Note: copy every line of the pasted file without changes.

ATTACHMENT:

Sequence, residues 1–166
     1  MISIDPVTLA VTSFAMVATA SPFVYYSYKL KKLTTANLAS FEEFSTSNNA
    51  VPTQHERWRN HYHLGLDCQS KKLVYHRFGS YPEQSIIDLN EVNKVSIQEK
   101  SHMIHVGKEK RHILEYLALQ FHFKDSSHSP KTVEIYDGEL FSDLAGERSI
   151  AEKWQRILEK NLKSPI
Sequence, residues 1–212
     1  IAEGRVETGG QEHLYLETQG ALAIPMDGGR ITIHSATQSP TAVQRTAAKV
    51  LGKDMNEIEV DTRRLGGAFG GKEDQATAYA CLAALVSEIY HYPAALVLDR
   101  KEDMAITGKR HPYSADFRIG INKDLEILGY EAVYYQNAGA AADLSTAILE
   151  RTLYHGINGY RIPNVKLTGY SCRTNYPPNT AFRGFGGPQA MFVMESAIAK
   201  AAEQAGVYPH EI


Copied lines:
Sequence, residues 1–166
     1  MISIDPVTLA VTSFAMVATA SPFVYYSYKL KKLTTANLAS FEEFSTSNNA
    51  VPTQHERWRN HYHLGLDCQS KKLVYHRFGS YPEQSIIDLN EVNKVSIQEK
   101  SHMIHVGKEK RHILEYLALQ FHFKDSSHSP KTVEIYDGEL FSDLAGERSI
   151  AEKWQRILEK NLKSPI
Sequence, residues 1–212
     1  IAEGRVETGG QEHLYLETQG ALAIPMDGGR ITIHSATQSP TAVQRTAAKV
    51  LGKDMNEIEV DTRRLGGAFG GKEDQATAYA CLAALVSEIY HYPAALVLDR
   101  KEDMAITGKR HPYSADFRIG INKDLEILGY EAVYYQNAGA AADLSTAILE
   151  RTLYHGINGY RIPNVKLTGY SCRTNYPPNT AFRGFGGPQA MFVMESAIAK
   201  AAEQAGVYPH EI